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Worship wars


In Lutheran circles, we tend to use the term “Divine Service” instead of "Worship Service." Why is that?

Our liturgy, the way we conduct services, is called “Divine Service” because in it, God (the Divine being) serves us. He forgives our sin and strengthens our faith. This happens because our liturgy is based on the Bible, the Word of God. Most of the elements in our liturgy are exact quotes from the Bible, and the rest convey Biblical concepts. The liturgy as we have it today is the product of two thousand years of work by the church, adding elements and removing them according to context and appropriateness. Over the centuries, many different liturgies have been developed for different purposes and with different emphases, and given that the Lutheran Service Book is the fourth hymnal the LCMS has had since its founding (Anyone remember the black hymnal?), clearly we continue to develop the liturgy.

Worship WarsThis inevitably raises the question of what forms are proper and what are not. The Bible does not command or even suggest a particular format, so we are in the realm of Christian freedom here. The Augsburg Confession, a summary of Lutheran beliefs, says, “It is enough for the true unity of the Christian church that there the Gospel is preached with one accord according to a pure understanding and the sacraments are administered in conformity with the Divine Word. It is not necessary for the true unity of the Christian church that uniform ceremonies, instituted by human beings, be observed everywhere.” (AC VII, p. 2-3) Yet with freedom comes responsibility, so as we consider different forms, we always need to ask a few questions:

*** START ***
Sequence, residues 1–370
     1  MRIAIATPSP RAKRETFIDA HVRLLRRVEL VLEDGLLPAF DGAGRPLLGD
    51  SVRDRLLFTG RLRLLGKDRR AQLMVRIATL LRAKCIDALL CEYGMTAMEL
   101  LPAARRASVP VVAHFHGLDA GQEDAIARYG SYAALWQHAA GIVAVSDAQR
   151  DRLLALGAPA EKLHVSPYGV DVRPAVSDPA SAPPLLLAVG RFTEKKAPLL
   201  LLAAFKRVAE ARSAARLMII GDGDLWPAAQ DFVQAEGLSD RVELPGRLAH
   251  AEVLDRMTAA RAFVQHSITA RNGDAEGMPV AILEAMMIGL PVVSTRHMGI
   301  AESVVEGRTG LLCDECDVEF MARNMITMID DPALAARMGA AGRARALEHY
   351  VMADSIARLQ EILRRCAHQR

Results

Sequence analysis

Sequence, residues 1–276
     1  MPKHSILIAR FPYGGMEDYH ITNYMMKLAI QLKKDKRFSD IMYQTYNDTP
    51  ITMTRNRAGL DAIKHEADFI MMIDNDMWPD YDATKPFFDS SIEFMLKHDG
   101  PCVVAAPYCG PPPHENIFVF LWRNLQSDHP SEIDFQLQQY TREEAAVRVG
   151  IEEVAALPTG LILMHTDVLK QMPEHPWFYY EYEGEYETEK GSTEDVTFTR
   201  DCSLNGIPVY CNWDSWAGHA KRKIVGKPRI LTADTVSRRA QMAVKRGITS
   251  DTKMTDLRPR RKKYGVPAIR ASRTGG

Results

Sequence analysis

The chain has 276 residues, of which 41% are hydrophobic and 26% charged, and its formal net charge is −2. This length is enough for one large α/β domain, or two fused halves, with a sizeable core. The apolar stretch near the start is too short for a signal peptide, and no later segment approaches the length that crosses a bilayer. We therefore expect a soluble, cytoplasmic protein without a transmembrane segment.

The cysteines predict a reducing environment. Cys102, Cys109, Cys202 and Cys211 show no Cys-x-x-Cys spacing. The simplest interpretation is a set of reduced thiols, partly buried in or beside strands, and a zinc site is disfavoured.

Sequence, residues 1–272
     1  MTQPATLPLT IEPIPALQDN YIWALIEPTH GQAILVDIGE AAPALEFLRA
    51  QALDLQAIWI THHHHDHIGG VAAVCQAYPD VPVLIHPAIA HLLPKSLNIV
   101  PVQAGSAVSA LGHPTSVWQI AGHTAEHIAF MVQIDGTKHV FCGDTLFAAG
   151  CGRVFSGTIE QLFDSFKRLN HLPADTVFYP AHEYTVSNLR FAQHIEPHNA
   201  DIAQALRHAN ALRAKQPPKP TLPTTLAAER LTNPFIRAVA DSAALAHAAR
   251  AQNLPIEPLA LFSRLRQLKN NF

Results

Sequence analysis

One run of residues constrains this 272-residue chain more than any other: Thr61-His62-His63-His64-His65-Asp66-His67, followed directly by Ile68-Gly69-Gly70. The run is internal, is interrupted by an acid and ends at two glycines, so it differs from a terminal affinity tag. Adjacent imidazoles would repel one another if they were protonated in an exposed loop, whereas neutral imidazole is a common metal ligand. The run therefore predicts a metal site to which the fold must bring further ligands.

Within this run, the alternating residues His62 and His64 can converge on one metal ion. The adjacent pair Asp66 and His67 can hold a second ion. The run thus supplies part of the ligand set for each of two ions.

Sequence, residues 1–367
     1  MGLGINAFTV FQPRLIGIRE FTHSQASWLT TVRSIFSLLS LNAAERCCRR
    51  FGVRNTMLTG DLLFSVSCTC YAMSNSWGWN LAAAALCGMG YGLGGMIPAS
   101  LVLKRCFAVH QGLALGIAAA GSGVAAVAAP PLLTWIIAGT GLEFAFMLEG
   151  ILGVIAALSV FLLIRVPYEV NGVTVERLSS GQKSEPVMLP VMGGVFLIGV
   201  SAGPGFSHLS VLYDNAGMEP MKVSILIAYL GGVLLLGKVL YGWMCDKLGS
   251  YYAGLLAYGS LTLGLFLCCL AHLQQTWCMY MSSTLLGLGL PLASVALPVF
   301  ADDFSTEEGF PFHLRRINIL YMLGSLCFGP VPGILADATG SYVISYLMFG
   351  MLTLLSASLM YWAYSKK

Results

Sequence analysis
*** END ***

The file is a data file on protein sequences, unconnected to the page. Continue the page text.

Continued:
Why are we choosing this form?

What advantages does this form have?

Is it Scriptural and thus in agreement with our doctrine (teachings)?

Is it Christ-centered?

Whether we choose new hymnal or old, traditional or contemporary, we have a responsibility to each other to make Christ the center of the service and the cross our focus. In doing so, God continues to serve us and feed our souls to “strengthen and preserve us in the true faith to life eternal.”



  • Rev. B. 5 years ago

    This is most certainly true. ;)

    I would also offer, that as Lutherans, we are connected to the broader Church of Christ, and so must also consider the implications of our worship patterns in a catholic context. The Lutheran Reformation was never about free-wheeling, willy-nilly alterations of the sacred, and we should not construe our freedom in such a way. To do so makes us practically and functionally schismatic, in addition to other complications and consequences of dumping historic patterns of Christian worship.

    Grace and peace.